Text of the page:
When Health Republic Insurance of New Jersey announced recently that it’s $46 million in debt and shutting down, it became the 17th failed ObamaCare co-op since the Affordable Care Act launched three years ago.
Those failures – just six of the original 23 co-ops remain – have left hundreds of thousands of people scrambling for coverage.
Meanwhile, insurers claiming big losses are leaving some state exchanges — including Indiana University Health Plans, whose exit is expected to result in 27,000 Indiana residents losing ObamaCare plans in 2017. And companies still operating in the federal and state exchanges are raising premiums for next year.
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The Department of Health and Human Services (HHS) administers the 3-year transitional reinsurance program established under section 1341 of the Patient Protection and Affordable Care Act. The program, which is financed by statutorily required contributions from participating health insurance issuers and group health plans, makes payments to eligible issuers, to stabilize health insurance premiums and encourage issuer participation in the health insurance markets. Section 1341 designates a specified amount of collections from issuers for reinsurance payments and also directs the deposit of a specified amount of collections in the general fund of the United States Treasury (Treasury). HHS asserts that when collections fall short of the amounts specified in statute the agency has authority to allocate all collections for reinsurance payments, making deposits in the Treasury only if collections reach the amounts specified for reinsurance payments in section 1341. HHS lacks authority to ignore the statute’s directive to deposit amounts from collections under the transitional reinsurance program in the Treasury and is required to collect and deposit amounts for the Treasury, regardless of whether its collections fall short of the amounts specified in statute for reinsurance payments. HHS may not use amounts collected for the Treasury to make reinsurance payments.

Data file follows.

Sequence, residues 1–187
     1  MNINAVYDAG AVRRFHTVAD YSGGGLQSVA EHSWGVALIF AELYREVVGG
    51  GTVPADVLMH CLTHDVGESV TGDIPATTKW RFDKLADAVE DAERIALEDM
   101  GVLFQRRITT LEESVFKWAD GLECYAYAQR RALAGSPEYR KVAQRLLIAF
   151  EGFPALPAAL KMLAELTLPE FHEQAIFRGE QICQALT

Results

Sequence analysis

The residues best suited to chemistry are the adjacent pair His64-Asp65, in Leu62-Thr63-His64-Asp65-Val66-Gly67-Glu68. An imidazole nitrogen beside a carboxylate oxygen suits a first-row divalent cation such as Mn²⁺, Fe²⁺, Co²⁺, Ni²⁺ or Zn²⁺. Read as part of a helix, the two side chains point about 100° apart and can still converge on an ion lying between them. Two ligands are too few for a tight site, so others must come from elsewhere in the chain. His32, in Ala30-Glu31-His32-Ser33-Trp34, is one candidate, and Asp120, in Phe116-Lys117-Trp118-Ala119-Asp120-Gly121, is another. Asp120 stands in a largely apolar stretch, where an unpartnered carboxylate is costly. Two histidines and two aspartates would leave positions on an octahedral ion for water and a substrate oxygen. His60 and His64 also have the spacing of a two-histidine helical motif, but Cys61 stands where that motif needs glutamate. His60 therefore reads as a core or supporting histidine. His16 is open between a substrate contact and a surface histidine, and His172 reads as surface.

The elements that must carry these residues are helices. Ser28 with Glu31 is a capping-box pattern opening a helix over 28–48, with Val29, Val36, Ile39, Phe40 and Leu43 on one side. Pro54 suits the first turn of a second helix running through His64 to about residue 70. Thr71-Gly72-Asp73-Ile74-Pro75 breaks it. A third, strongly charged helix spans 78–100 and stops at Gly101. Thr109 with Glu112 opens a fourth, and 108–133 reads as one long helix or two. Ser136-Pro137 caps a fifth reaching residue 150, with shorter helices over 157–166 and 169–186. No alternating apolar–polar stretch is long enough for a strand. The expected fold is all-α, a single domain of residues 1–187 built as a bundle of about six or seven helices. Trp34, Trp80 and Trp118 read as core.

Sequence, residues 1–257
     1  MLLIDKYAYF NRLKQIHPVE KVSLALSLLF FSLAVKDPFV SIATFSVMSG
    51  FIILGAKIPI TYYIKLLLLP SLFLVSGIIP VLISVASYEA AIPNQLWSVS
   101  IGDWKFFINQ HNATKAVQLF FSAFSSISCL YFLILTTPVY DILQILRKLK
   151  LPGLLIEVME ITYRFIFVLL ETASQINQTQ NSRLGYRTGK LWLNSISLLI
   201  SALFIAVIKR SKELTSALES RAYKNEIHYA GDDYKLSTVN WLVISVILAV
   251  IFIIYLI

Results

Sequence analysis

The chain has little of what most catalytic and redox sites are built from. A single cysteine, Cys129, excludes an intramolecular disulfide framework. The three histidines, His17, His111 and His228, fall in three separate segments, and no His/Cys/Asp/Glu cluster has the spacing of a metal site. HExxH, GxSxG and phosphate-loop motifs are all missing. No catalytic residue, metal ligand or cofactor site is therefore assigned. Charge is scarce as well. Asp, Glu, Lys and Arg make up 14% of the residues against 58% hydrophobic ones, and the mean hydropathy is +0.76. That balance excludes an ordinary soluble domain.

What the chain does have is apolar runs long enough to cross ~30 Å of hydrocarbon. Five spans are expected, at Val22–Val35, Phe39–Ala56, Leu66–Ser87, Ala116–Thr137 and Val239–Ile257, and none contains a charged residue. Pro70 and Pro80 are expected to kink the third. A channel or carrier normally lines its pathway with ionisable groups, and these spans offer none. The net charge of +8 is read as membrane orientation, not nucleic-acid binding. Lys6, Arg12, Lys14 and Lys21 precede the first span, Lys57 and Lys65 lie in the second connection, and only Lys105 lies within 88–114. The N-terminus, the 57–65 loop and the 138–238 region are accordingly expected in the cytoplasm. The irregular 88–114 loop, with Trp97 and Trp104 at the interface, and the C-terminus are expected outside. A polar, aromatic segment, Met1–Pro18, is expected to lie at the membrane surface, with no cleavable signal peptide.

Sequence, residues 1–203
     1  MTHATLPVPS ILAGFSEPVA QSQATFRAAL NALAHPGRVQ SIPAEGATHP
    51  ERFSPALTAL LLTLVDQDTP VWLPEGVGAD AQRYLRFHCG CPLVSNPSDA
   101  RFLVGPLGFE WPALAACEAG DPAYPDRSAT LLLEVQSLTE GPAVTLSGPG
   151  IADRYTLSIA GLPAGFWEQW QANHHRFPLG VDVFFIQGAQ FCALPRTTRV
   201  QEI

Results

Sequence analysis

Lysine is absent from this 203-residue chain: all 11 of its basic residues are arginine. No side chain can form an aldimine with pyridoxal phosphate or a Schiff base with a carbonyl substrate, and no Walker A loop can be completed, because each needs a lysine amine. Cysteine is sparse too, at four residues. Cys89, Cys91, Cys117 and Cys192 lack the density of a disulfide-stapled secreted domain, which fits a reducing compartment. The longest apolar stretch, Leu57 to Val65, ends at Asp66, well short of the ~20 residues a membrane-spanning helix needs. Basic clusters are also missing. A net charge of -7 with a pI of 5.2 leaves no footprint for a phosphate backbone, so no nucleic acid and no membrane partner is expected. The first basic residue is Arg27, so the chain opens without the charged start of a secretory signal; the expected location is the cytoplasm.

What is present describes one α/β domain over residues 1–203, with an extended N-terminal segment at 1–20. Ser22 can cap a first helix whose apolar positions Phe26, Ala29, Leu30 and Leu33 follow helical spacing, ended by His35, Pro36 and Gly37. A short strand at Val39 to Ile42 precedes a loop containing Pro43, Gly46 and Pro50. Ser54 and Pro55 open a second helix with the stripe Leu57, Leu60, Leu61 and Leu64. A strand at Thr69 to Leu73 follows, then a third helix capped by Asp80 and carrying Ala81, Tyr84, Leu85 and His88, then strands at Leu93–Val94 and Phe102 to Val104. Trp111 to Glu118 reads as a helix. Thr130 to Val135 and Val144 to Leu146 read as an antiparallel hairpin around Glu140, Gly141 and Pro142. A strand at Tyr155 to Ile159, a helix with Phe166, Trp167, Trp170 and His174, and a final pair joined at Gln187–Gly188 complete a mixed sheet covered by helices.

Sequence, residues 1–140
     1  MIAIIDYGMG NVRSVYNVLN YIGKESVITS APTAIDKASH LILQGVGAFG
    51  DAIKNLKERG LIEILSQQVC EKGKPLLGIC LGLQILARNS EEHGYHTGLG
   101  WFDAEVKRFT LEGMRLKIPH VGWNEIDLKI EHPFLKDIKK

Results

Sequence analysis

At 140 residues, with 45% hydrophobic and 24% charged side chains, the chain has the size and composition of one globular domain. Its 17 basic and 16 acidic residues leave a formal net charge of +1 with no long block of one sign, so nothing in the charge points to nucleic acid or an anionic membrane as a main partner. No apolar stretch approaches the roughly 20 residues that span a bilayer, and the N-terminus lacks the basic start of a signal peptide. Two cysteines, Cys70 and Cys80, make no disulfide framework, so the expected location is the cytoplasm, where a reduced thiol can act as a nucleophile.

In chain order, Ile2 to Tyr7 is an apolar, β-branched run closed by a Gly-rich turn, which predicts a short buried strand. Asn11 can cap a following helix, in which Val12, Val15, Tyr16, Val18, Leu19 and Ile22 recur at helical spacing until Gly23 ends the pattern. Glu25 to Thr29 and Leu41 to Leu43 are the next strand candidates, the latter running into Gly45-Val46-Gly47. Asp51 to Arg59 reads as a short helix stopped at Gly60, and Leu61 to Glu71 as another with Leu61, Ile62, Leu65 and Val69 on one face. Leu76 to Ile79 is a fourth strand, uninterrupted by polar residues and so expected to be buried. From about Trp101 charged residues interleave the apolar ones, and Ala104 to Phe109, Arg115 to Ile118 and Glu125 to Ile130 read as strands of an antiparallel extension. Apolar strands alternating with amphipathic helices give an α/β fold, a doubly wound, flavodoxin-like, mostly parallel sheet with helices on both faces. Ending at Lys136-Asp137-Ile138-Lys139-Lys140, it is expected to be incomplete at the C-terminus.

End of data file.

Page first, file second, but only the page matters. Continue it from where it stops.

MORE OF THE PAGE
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The Obama administration failed to follow the president’s health care law in a $5 billion dispute over compensating insurers for high costs from seriously ill patients, Congress’ investigative arm said Thursday.
The opinion from the Government Accountability Office is a setback for the White House and bolsters Republican complaints that administration officials bent the law as problems arose carrying out its complex provisions. The finding may complicate efforts to stabilize premiums in the law’s insurance marketplaces, where about 11 million people get coverage.
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Based on rate increases proposed to North Carolina’s Department of Insurance, state residents who have signed up for Obamacare could face a 19 percent to 25 percent jump in the cost of their health coverage for 2017, Republican Sen. Richard Burr says.
Further, because major health insurers have suffered losses and are exiting the program, in 90 percent of North Carolina counties, residents enrolled in President Barack Obama’s signature health care program will only have one plan from which to choose in their so-called marketplace, Burr wrote in an op ed published in the online North State Journal.
President Obama would veto a House bill that would provide an exemption from the individual mandate if someone’s insurance coverage ended mid-year because of a co-op closure, the White House said Tuesday.